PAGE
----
Do not call Brehan a “thief”—to her, thieves are brutish thugs skulking about in the night, hunting for baubles and bangles that will buy them another flagon of mead, another night in the brothel, another day off the streets. Directionless and guileless, they are as much a danger to themselves as they are to the community. Brehan isn’t a thief—she’s a professional.

Cold and calculating, unlike the stereotypical overly gregarious halfling parodied in circus acts and similar traveling entertainments, she understands that the world is made up of sheep and wolves, and she refuses to be either a victim or one who subsists on the crumbs others leave behind. Brehan makes her own way.

The Sword Coast is a dangerous place, even in the well-patrolled streets of Baldur’s Gate, but there had been an order, a system—an understanding—about what was acceptable and what wasn’t. Professional criminals didn’t make too much fuss, and the law didn’t look too deeply into the shadows. That all changed when the Cult of the Dragon moved in, upending the comfortable balance of give and take to which Brehan had started to take ownership.

Not quite so mercenary-minded as to join the assassin guilds, nor personable to become a true power-broker, it was eventually in her faith and prayers to Jergal, the Bleak Seneschal, he who accounts, that she found her calling. No stranger to death herself, Brehan found comfort and strength in quiet, individual worship of the god who impassively watches the world dissolve.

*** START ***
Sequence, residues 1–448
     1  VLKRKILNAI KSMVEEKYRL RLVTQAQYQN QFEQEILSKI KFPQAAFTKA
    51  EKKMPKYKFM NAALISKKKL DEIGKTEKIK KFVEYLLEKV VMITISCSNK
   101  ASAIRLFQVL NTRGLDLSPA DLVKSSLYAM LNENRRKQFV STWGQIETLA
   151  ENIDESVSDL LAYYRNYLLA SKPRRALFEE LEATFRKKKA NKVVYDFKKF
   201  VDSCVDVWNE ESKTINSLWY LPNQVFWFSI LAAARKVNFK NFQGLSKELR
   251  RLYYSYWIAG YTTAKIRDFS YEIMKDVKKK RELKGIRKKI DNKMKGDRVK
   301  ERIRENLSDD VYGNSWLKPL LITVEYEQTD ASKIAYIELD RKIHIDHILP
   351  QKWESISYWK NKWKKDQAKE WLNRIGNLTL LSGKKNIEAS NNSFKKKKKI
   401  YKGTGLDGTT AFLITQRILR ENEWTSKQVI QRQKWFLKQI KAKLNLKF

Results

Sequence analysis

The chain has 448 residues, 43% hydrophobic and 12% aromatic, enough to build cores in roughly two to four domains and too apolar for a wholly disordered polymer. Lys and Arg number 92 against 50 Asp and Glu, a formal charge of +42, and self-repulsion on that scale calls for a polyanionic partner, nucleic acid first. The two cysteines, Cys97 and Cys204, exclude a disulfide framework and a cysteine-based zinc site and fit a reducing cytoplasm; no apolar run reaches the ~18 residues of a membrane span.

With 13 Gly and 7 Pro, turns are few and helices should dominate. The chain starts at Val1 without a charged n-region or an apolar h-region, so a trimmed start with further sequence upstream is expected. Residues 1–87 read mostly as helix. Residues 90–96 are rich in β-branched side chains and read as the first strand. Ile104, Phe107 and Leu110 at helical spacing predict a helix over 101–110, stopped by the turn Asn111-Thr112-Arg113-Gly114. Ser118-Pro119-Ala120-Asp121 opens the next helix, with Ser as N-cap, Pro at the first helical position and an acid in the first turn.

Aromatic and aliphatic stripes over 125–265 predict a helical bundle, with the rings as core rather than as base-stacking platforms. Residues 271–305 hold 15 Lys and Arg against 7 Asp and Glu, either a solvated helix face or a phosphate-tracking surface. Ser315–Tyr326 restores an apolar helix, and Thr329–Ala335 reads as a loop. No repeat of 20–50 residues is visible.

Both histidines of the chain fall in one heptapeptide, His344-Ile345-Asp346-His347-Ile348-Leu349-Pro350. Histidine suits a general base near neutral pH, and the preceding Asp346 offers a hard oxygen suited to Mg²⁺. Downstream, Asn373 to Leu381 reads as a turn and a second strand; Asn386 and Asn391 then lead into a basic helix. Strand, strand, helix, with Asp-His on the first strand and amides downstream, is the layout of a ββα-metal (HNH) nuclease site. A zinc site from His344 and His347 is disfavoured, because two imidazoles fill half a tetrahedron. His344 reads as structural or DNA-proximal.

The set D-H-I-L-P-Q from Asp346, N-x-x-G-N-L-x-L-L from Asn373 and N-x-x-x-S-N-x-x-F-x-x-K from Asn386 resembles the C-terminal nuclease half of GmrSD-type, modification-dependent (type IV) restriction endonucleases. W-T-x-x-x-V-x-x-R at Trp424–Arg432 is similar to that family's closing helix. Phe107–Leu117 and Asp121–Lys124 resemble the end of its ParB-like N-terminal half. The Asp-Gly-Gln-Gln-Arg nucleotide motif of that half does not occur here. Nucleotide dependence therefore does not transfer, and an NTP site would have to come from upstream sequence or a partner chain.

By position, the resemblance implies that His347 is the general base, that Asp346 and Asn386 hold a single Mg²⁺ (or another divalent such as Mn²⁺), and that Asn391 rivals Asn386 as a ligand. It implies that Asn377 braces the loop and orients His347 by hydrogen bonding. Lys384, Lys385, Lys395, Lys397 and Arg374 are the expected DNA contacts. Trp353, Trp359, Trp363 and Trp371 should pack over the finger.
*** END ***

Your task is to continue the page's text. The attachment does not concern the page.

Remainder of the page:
Her connection with death served her well as the armies who so rudely interposed themselves in her life brought many others to meet the Final Scribe’s rosters. She listened to their secrets and made it past patrols and scouting parties, into storerooms and caches, and safely out again, both in acts of sabotage and self-preservation. It soon became clear however that, no matter her internal strength or resolve, nothing she did alone would turn back the tide of what had been unleashed in her homelands.

With eyes narrowed and jaw set she made her way to Greenest, where it was rumored there was a growing resistance, a collection of those willing to fight against the Cult of the Dragon.

Helping to save the region would allow her unprecedented access to rebuild its underworld as she saw fit, finally realizing her place where she belonged—at the top.

Personality Traits: I always have a plan for what to do when things go wrong. I am always calm, no matter what the situation. I never raise my voice or let my emotions control me. I am incredibly slow to trust.

Ideals: I will do whatever it takes to become wealthy. I don’t steal from others in the trade.

Flaws: When faced with a choice between money and my friends, I usually choose the money. I turn tail and run when things look bad. An innocent person is in prison for a crime that I committed. I’m okay with that.

Brehan Silverleaf—a lawful evil Lightfoot Hafling Phantom Rogue—is a character I devised for a Tyranny of Dragons campaign I’m involved with, after my monk took an ill-advised tumble down a 150ft hill into an enemy army encampment. My focus in building her was to show that evil characters don’t have to be the mustache-twirling, always-cackling, stab-you-in-the-back-at-first-opportunity stereotypes we so often see from RPGs. Brehan has no reason to betray anyone else, and in fact has deep motivations to work with others, even with those Good alignments. Perhaps there’s even more motivation to work with those not like herself, because that means less competition down the road when she eventually restart the area’s criminal underground.

Evil characters don’t have to be cartoonish, they don’t have to be outlandish, and the best and most realistic motivations, no matter what character type, are those grounded by internal consistency. I don’t even know if alignment will come up in this chronicle, or how much of Brehan’s background will ultimately emerge; as long as the party sees her as a motivated and competent—if selfish—member of the team, I’ll be satisfied.